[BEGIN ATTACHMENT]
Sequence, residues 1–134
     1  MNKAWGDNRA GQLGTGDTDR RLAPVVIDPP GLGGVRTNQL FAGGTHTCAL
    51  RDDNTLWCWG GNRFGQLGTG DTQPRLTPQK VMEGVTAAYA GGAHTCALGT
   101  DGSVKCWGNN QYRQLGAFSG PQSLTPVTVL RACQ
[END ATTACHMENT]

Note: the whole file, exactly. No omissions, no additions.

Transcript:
Sequence, residues 1–134
     1  MNKAWGDNRA GQLGTGDTDR RLAPVVIDPP GLGGVRTNQL FAGGTHTCAL
    51  RDDNTLWCWG GNRFGQLGTG DTQPRLTPQK VMEGVTAAYA GGAHTCALGT
   101  DGSVKCWGNN QYRQLGAFSG PQSLTPVTVL RACQ